When it comes to money, everyone has an opinion. People tell you why you should buy shares, shouldn’t buy shares, why property is best, what you should do with your super, and the list goes on…
With all this noise, it’s easy to fall into the trap of thinking there’s one set of steps you should follow to be ‘good’ with your money. There isn’t.
And the reason there isn’t one pathway to money success, is because the right moves for you depend on you.
What’s best for you depends on what’s going on with your money today, how your situation is going to change over time, and what’s important to you.
While there’s not one set of actions that will deliver money success for everyone, there are three key areas everyone needs to get right to nail it with their money.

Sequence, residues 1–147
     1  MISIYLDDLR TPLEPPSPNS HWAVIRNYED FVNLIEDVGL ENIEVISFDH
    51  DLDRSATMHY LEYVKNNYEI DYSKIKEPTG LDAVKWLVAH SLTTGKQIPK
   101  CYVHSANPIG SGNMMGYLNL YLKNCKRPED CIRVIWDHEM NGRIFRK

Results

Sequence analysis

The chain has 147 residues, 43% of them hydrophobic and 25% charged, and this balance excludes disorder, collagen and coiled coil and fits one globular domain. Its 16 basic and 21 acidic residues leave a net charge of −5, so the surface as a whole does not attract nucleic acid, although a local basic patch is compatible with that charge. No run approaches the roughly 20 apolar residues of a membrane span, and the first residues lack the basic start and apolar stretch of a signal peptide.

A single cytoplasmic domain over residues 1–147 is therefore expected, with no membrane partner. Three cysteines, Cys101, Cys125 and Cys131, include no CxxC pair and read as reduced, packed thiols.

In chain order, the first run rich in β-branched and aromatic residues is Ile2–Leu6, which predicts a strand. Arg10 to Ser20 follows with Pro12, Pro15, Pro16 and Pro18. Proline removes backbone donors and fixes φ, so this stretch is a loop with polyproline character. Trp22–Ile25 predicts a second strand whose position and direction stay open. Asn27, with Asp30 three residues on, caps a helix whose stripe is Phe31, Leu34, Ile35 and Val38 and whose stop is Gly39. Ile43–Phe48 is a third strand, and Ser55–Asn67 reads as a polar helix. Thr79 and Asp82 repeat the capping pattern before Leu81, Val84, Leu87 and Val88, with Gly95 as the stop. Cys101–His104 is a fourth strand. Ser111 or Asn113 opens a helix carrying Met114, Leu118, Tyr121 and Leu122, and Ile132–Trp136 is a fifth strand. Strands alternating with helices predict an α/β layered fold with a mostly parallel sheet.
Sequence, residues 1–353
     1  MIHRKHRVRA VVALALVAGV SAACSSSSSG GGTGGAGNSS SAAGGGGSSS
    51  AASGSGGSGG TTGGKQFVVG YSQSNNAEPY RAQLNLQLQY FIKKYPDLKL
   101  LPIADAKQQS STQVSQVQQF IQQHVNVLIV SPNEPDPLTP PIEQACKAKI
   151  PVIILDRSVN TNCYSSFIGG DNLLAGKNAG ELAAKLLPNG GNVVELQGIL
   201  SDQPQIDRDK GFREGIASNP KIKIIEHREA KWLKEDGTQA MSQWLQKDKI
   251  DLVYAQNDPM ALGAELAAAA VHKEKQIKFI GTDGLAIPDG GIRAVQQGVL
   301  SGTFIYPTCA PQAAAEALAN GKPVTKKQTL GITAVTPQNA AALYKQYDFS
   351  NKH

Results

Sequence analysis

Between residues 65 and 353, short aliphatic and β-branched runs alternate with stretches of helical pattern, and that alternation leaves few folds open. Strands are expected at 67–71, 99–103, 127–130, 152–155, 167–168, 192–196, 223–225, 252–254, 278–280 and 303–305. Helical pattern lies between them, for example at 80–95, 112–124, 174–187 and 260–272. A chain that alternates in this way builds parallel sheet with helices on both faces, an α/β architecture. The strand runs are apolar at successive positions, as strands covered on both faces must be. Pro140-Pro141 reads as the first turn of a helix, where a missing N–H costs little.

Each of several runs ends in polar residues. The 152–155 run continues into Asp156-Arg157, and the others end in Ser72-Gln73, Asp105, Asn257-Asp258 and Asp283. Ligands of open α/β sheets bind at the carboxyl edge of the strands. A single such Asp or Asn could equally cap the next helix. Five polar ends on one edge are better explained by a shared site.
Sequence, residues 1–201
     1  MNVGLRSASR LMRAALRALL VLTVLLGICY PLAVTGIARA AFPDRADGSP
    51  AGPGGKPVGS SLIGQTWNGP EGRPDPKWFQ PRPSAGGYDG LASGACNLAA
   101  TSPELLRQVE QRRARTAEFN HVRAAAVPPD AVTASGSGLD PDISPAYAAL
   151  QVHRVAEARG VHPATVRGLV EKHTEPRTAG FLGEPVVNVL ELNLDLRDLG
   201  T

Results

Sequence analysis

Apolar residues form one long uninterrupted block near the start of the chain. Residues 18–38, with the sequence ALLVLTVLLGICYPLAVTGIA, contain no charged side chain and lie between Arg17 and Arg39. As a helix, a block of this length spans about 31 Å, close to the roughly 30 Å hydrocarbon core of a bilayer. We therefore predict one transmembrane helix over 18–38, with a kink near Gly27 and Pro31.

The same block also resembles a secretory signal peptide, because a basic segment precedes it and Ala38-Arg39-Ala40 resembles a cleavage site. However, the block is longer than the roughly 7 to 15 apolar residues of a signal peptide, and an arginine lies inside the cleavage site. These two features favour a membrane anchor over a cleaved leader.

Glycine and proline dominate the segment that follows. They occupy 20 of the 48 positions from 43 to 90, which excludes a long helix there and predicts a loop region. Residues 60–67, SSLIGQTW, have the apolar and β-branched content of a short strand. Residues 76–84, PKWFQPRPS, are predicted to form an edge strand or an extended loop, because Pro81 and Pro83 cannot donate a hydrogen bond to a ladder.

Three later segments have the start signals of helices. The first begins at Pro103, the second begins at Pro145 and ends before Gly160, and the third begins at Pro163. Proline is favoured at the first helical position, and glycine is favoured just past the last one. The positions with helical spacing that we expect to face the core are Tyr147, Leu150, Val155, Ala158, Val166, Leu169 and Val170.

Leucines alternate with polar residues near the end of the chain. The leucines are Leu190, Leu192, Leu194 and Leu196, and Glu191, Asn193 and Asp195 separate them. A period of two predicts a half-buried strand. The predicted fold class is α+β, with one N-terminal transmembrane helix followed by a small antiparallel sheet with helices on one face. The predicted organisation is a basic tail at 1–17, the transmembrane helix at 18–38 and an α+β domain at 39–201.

This area is all about how you spend and save, and how you manage your money. Success here means having your money set up in a way that makes it easy for you to save consistently, and managing your money in a way where you know exactly how much money you have available for saving, investing, or paying down debt.
A good budget is the starting point, where you’re clear on how much money you need to do the spending that’s important to you. But as important as your budget, or maybe even more important, is having a good bank account structure.
You want to make sure you have the right money in the right place at the right time to cover your spending while you hit your savings targets. This way you can spend guilt free on the things that are important to you, knowing you’re on track to make the progress you want.